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The Senate Acquits President Clinton

From The Washington Post archive.

A woman views newspaper headlines announcing the acquittal of President Bill Clinton in Sacramento, Calif., in this Feb. 13, 1999, file photo. (Bob Galbraith/AP)

The Clinton Impeachment

Complete coverage of the 1998 impeachment of President Bill Clinton

President Bill Clinton was impeached on Dec. 19, 1998.

Over what? Clinton was impeached for lying under oath and obstructing justice to cover up an Oval Office affair with Monica Lewinsky, an intern. Clinton’s affair and its cover-up was investigated as part of a four-year probe led by Independent Counsel Kenneth Starr.

How it happened: The Senate eventually acquitted Clinton after a trial that was presided over by Chief Justice William H. Rehnquist.

Here is complete coverage of Clinton’s impeachment from The Washington Post archive.

The United States Senate acquitted William Jefferson Clinton yesterday on charges that he committed perjury and obstruction of justice to hide sexual indiscretions with a onetime White House intern, permitting the 42nd president to complete the remaining 708 days of his term.

After a tumultuous year of scandal that tested the Constitution and tried the nation’s patience, neither of the two articles of impeachment brought by the House garnered a simple majority, much less the two-thirds necessary to convict Clinton of high crimes and misdemeanors. Article I alleging perjury was defeated on a 45 to 55 vote at 12:21 p.m. Just 18 minutes later, Article II charging obstruction failed on a 50 to 50 tie. Five Republicans joined all 45 Democrats in supporting full acquittal.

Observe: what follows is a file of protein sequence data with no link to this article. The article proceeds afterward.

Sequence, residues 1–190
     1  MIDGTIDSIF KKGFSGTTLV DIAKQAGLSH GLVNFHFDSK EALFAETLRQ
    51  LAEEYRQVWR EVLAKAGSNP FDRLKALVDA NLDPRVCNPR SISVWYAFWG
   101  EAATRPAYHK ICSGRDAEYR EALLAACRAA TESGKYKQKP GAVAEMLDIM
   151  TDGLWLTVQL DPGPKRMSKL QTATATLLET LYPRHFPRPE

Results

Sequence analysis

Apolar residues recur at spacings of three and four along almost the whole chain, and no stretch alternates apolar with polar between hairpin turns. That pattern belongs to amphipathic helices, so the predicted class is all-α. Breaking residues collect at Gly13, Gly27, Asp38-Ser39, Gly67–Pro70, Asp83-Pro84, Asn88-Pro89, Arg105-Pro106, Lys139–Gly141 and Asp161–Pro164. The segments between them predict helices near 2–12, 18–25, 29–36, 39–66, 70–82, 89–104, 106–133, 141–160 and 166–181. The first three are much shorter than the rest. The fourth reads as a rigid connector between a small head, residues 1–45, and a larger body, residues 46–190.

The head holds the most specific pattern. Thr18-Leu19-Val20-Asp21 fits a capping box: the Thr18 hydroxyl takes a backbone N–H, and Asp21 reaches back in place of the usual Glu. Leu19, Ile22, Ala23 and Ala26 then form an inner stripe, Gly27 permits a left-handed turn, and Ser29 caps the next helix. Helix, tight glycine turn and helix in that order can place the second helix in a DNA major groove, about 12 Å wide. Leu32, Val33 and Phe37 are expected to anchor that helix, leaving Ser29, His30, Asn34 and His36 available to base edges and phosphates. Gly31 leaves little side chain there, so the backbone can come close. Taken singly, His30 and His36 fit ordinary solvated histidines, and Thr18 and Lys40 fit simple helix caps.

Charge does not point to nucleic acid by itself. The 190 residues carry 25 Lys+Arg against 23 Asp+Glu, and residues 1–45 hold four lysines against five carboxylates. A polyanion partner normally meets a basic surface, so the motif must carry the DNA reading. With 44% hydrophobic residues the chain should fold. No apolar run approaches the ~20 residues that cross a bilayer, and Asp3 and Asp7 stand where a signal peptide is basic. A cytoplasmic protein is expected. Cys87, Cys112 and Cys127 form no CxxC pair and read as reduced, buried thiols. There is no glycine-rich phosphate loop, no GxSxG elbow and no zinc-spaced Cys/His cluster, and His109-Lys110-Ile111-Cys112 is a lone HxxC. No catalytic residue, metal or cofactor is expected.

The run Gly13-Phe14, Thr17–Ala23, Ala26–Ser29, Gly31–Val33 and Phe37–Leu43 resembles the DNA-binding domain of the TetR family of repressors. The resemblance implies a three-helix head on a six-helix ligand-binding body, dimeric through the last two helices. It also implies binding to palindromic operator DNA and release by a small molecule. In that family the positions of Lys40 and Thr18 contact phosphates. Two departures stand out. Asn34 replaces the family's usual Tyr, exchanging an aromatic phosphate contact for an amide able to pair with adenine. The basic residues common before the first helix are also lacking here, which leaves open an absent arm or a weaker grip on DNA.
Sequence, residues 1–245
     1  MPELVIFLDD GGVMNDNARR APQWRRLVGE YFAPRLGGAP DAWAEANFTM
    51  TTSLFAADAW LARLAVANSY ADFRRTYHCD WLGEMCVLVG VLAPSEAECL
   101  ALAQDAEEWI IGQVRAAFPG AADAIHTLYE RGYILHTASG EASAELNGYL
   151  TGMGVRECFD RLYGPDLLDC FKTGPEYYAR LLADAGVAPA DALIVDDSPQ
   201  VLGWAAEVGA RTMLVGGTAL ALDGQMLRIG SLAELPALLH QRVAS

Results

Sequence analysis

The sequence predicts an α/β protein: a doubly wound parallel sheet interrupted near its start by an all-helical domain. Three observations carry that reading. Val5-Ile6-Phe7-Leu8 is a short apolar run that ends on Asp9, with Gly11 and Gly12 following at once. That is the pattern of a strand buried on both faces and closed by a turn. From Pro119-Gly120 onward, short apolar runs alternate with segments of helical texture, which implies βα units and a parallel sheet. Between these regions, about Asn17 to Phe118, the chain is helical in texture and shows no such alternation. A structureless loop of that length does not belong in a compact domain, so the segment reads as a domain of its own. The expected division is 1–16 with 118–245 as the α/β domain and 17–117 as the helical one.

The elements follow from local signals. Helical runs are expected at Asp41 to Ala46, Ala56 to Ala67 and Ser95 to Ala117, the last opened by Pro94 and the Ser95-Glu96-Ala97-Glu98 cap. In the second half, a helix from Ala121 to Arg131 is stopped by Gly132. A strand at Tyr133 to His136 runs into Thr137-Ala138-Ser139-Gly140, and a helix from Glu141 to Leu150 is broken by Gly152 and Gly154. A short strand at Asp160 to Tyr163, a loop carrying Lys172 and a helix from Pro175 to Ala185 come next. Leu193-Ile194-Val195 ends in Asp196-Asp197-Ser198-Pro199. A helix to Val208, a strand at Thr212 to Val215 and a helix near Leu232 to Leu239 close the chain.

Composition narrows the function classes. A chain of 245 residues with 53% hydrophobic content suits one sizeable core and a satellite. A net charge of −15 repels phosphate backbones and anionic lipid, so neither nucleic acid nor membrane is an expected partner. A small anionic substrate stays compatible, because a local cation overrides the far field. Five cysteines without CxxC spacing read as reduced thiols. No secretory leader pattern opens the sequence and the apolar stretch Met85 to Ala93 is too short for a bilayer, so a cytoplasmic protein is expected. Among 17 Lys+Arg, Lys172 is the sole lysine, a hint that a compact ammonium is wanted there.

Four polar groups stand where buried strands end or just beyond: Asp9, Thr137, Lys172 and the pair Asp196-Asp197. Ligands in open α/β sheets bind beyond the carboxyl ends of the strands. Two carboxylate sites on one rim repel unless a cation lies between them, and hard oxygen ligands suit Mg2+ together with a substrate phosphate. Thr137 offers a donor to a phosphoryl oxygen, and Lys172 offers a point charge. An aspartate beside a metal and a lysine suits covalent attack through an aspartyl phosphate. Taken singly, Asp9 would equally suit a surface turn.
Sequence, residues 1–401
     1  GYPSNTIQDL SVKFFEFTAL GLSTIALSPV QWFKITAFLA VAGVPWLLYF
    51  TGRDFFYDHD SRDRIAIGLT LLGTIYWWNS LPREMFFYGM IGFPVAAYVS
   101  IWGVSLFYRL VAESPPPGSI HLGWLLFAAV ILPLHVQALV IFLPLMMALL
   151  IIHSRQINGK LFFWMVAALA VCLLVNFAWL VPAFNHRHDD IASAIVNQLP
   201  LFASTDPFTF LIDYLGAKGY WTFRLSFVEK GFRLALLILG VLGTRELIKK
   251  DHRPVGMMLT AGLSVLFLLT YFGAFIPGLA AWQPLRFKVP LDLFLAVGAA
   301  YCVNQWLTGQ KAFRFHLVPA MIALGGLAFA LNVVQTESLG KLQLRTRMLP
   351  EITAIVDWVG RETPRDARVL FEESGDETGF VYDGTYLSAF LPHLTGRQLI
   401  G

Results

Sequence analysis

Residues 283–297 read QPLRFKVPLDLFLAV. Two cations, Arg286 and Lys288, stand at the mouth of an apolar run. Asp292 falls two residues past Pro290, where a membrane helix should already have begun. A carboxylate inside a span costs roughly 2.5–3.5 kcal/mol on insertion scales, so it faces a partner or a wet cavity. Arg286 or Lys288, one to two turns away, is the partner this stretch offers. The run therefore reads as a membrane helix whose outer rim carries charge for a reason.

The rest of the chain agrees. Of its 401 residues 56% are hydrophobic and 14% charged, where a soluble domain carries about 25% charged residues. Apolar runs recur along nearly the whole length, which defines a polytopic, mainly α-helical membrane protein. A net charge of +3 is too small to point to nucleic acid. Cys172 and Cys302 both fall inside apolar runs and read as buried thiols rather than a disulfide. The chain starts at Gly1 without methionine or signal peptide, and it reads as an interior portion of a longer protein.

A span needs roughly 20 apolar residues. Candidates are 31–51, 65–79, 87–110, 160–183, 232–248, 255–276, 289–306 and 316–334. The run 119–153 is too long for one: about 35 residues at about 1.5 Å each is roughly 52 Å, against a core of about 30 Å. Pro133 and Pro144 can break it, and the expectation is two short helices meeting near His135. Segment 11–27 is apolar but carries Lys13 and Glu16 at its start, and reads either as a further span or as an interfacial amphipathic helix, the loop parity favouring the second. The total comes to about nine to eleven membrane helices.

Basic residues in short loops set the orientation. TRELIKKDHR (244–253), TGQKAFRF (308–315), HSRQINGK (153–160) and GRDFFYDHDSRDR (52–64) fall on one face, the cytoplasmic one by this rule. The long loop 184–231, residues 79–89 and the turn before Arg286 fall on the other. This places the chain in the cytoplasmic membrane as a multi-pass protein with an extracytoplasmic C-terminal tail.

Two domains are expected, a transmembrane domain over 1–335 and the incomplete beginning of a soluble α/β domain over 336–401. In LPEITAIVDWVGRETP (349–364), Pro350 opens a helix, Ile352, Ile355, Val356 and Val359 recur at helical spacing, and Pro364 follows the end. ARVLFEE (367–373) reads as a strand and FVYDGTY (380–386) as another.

“It is, therefore, ordered and adjudged that the said William Jefferson Clinton be, and he hereby is, acquitted of the charges in the said articles,” declared Chief Justice William H. Rehnquist, the presiding officer, marking the conclusion of the first impeachment trial of a president in 131 years.

Clinton emerged from the Oval Office two hours later to tell the nation that he was “profoundly sorry” for his actions and the “great burden they have imposed on the Congress and on the American people.” Taking care not to give any hint of vindication, he offered a subdued plea to all Americans “to rededicate ourselves to the work of serving our nation and building our future together.”

“This can be and this must be a time of reconciliation and renewal for America,” he said in his four-sentence Rose Garden statement on an unseasonably warm winter day.

The Senate’s decision to spare Clinton gives him the opportunity to try to repair his battered presidency and find a way to mitigate the legacy of the Monica S. Lewinsky saga that will mark him in the history books as only the second president impeached by the House of Representatives.